In a recent article, we wrote about “assumption of risk,” which can arise when you’ve been hurt in an accident, but placed yourself in a dangerous situation knowingly. The person who caused the accident, or his insurance company or attorney, will say you contributed to your own injury. If their assertion is correct, and there is clear evidence to support their claim, you will most likely be looking at a reduced monetary settlement.
Assumption of risk and contributory negligence are frequently used together as a defense; however, the two doctrines are not exactly the same.
Here is the difference.
You know the driver of the car has been drinking but you get in the car anyway. He proceeds to cause a car crash in which you are injured. You assumed the risk of getting injured by getting in the car with him, even though you knew he was drinking beforehand. This is clear case of assumption of risk.
Contributory negligence is sometimes equated with partial fault, but this definition needs further explanation. Here is a case in point. A pedestrian is crossing the street outside the boundary of the painted crosswalk. A driver going over the speed limit hits and injures him. In this instance, we can say that although the injured party did not CAUSE the accident, he nonetheless contributed to his own injury by not taking proper measures to distance himself from harm.
How contributory negligence can affect a personal injury case
Contributory negligence can affect what an injured party might receive in a personal injury settlement. Usually the defendant insurance company or defense attorney will assign a percentage of fault.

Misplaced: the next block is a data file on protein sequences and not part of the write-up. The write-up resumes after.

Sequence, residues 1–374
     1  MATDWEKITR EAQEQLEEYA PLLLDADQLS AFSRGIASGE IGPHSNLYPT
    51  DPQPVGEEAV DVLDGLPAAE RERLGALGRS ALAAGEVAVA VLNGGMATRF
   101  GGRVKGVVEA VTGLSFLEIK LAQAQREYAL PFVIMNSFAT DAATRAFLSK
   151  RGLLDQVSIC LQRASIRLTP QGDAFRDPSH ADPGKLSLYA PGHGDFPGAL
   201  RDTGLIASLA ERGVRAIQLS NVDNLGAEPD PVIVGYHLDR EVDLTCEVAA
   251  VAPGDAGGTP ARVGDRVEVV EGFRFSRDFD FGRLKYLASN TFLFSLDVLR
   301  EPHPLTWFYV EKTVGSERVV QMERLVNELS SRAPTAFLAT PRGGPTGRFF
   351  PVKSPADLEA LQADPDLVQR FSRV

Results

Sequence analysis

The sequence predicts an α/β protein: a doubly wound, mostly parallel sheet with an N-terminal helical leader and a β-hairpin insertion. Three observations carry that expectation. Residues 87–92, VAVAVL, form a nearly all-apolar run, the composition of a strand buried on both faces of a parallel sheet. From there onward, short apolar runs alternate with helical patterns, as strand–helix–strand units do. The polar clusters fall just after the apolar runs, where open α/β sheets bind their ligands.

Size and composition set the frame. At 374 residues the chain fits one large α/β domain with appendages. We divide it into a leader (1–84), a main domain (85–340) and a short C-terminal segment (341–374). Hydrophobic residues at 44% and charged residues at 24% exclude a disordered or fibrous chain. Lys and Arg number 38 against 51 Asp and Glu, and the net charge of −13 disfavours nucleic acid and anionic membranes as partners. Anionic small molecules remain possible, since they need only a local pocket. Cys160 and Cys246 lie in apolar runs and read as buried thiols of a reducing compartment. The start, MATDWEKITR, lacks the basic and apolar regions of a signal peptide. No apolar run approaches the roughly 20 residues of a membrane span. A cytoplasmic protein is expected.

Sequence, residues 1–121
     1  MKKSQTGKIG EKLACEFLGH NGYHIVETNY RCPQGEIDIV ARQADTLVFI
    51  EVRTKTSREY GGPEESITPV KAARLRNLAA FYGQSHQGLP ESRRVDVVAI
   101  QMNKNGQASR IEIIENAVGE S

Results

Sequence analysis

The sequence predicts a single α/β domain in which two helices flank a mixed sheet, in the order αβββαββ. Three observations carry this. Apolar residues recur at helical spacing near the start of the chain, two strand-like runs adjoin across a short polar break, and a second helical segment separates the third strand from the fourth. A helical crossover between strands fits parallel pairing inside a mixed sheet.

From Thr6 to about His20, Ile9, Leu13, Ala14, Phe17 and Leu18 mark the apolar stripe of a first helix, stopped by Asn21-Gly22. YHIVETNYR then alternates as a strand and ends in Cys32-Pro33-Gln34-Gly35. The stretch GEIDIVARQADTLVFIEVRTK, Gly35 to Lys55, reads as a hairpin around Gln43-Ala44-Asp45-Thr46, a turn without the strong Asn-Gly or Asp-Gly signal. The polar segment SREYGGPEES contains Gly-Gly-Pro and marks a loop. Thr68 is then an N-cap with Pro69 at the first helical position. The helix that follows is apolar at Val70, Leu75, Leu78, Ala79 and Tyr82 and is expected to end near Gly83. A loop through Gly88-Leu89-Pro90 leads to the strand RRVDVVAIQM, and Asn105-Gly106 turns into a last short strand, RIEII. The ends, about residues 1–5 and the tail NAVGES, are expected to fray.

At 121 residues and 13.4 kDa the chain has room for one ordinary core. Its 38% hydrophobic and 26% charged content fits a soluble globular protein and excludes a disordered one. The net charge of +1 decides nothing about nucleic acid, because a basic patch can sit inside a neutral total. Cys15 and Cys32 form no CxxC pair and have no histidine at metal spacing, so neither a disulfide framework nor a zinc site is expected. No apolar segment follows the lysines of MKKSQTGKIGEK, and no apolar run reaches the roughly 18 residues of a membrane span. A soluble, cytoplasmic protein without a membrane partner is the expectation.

The defense can suggest that any damages awarded to the injured party be reduced by an amount that represents the percentage of the victim’s fault. Using the above pedestrian accident example, if the claimant is found to have contributed 30 percent to his own injury because he assumed the risk of crossing the street outside the crosswalk, his award will be reduced by 30 percent.
Said in another way, if 100 percent of the injured person’s compensation came to $9,000, that award would be reduced by 30 percent, or $2,700. As a result, he would receive a gross settlement amount of $6,309, instead of the full $9,000.
Every case of contributory negligence is different and you will rarely find one case exactly like another. This is a very important reason why, if a defendant insurance company accuses you of contributory negligence, you need an experienced and knowledgeable personal injury attorney. Your attorney will be able to make the best deal for you and may negotiate the percentage of your portion of the fault more successfully than if you tried to do it on your own.
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